The Angels and Braves swung a trade last night that sent Andrelton Simmons and catching prospect Jose Briceno to LA in exchange for Erick Aybar and pitching prospects Sean Newcomb and Chris Ellis. Jeff Sullivan had some thoughts on the trade itself last night. KATOH has some thoughts on the prospects involved, which you can find below.
Sean Newcomb, 1.9 WAR
The Angels selected Newcomb with their first round pick in 2014, and he’s been a strikeout machine in the minors thus far. He split the 2015 season between three levels — Low-A, High-A and Double-A — and pitched well at each stop. All told, he finished up with 2.36 ERA and a 29% strikeout rate. However, those strikeouts came with a heavy dose of walks.
Because of these walks, and also because Newcomb spent most of the year as a 22-yaer-old in A-Ball, KATOH isn’t overly excited about him. It forecasts him for just 1.9 WAR through age 28. Newcomb’s strikeout rate was great, but it’s outweighed by other factors. KATOH will start to believe a bit more once he establishes himself in the higher levels. Here are his top statistical comps, which were generated by way of some Mahalanobis distance calculations. Neal Cotts was most similar, while Doug Davis and Matt Clement are the clear standouts.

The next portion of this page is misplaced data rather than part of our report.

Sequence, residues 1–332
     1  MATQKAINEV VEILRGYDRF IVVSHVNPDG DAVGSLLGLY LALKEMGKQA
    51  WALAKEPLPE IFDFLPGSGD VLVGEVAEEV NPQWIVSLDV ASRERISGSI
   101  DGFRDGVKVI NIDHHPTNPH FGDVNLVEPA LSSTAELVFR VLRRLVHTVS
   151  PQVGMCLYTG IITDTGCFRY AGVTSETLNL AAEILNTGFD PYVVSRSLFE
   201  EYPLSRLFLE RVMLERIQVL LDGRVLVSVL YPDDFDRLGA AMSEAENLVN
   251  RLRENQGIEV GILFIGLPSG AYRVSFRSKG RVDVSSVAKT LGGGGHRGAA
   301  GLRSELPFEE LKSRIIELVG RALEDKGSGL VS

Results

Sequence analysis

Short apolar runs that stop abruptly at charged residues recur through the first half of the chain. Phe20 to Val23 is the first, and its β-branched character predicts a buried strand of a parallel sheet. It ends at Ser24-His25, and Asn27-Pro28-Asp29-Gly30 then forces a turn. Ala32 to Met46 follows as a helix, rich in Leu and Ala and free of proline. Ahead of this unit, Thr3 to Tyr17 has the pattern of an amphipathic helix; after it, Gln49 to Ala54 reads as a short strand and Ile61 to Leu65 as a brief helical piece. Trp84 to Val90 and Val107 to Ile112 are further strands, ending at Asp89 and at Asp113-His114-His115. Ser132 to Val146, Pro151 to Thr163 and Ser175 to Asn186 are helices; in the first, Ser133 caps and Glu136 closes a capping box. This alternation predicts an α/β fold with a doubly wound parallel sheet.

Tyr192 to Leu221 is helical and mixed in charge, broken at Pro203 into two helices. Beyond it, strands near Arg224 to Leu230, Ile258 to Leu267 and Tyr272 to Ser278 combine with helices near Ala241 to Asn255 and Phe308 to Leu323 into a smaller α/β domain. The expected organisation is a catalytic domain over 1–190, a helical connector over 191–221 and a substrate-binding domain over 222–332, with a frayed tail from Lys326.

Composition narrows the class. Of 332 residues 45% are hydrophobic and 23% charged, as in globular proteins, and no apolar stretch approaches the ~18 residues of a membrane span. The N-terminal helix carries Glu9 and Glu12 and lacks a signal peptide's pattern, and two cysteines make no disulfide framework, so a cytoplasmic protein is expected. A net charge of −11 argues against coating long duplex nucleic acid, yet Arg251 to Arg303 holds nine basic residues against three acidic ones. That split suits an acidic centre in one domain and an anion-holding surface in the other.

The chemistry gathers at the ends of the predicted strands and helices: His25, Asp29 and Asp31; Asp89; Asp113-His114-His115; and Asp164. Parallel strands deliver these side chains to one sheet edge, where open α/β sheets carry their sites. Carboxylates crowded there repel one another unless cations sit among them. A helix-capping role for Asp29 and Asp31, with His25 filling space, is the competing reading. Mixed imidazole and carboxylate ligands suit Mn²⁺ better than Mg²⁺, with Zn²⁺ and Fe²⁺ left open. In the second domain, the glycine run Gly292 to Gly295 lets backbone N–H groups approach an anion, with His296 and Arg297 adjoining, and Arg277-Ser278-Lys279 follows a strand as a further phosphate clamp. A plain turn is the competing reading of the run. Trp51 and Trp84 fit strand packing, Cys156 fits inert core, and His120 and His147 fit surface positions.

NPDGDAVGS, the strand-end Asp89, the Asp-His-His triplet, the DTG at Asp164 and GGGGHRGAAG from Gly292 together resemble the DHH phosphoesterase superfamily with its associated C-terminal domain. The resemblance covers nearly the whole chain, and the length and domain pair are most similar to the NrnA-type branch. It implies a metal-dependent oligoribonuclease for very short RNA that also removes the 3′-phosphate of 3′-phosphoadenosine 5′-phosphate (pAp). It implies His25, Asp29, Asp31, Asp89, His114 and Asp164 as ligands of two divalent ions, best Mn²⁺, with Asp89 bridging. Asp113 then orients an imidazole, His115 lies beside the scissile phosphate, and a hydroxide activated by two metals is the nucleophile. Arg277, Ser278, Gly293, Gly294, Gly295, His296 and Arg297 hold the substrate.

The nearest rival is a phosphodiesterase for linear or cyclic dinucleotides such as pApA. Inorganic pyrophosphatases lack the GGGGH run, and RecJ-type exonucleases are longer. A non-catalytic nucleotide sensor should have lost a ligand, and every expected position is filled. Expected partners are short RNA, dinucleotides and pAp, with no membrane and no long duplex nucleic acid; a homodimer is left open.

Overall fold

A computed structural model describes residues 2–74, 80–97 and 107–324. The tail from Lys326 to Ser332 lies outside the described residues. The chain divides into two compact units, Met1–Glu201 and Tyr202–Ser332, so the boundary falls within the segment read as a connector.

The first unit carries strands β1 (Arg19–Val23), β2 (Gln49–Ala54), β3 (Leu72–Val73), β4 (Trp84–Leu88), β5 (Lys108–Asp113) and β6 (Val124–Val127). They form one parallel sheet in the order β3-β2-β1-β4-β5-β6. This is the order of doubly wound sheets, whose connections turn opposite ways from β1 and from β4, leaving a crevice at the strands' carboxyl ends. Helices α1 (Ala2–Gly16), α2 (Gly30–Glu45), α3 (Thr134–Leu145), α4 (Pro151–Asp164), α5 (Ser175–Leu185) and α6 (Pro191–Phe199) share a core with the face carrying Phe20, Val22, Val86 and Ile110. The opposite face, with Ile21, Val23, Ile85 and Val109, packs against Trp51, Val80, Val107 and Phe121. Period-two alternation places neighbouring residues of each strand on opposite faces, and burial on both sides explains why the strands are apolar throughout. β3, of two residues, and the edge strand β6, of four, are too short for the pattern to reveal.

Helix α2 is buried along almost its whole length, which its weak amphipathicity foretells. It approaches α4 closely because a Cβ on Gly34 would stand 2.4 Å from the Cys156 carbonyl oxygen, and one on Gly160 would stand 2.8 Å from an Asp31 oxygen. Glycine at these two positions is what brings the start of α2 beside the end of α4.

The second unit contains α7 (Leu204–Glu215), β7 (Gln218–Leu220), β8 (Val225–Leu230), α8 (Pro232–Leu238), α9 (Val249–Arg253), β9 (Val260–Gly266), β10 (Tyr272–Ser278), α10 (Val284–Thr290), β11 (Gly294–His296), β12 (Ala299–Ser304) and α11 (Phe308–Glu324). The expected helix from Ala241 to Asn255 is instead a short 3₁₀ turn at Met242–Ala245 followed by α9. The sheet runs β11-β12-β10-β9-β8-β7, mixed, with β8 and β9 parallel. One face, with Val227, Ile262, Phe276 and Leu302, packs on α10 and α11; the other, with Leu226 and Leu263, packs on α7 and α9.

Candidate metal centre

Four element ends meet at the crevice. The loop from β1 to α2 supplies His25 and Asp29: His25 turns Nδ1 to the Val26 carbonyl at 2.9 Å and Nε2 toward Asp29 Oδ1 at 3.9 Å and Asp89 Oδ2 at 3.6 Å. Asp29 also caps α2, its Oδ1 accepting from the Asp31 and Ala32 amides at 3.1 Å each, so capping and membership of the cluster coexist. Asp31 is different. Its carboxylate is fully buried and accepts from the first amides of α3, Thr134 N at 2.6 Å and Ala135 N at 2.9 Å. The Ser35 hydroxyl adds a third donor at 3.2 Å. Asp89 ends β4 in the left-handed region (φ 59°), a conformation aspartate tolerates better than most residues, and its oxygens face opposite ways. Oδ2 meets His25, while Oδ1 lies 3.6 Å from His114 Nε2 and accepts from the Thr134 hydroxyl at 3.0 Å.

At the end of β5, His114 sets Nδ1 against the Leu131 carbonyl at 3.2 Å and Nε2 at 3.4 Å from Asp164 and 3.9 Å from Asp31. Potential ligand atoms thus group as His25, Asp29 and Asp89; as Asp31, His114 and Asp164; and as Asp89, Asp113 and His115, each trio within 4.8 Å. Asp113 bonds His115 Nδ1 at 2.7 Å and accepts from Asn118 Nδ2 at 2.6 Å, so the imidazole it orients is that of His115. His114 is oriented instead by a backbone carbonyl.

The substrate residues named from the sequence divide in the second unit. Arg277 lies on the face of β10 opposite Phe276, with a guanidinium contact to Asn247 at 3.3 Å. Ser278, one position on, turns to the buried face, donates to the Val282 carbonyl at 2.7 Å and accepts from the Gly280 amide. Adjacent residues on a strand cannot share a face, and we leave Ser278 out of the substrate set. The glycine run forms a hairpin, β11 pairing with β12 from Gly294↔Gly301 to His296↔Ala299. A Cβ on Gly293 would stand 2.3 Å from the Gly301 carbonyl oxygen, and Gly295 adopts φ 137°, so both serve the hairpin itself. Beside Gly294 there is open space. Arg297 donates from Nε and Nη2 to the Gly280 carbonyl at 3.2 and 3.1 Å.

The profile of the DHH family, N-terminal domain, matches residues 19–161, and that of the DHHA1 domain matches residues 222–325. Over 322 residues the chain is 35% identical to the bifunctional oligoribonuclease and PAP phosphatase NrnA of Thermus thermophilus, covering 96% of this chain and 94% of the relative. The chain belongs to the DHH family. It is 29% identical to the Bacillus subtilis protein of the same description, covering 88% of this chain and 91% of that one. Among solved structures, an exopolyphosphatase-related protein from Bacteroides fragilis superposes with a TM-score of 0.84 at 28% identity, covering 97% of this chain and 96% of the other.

Chris Ellis, 1.4 WAR
Newcomb was clearly the centerpiece of this trade, but Ellis is a compelling prospect, as well. Ellis was the Angels’ third round pick in 2014, and split last season between High-A and Double-A. He began his age-22 season by striking out 27% of opposing batters in the High-A California League, but encountered a bit more adversity after a mid-season promotion Double-A. He finished the year with an unremarkable 3.95 ERA.
Because of his struggles at Double-A, KATOH pegs Ellis for just 1.4 WAR through age 28. Here’s his list of Mahalanobis comps, which are unremarkable save for the inclusion of Corey Kluber. And I suppose Damaso Marte, as well.
Jose Briceno, 0.2 WAR
Along with Simmons, the Angels also received 23-year-old catching prospect Jose Briceno. Briceno hit an atrocious .183/.215/.226 in High-A last season. Considering his 2015 numbers, KATOH foresees 0.2 WAR through age 28, and gives him a mere 9% chance of even cracking the majors. Briceno was a decently regarded prospect in the not too distant past, however, and his 2014 numbers yielded a more respectable forecast of 1.7 WAR through age 28. This forecasts likely understates Briceno’s true potential, as my current (and soon to be upgraded) KATOH model does not directly account for defensive position. I didn’t bother with the comps for Briceno since they would almost certainly be a bunch of no-name org guys.
Chris works in economic development by day, but spends most of his nights thinking about baseball. He writes for Pinstripe Pundits, FanGraphs and The Hardball Times. He's also on the twitter machine: @_chris_mitchell None of the views expressed in his articles reflect those of his daytime employer.
The real question here is what is KATOH’s predictive accuracy?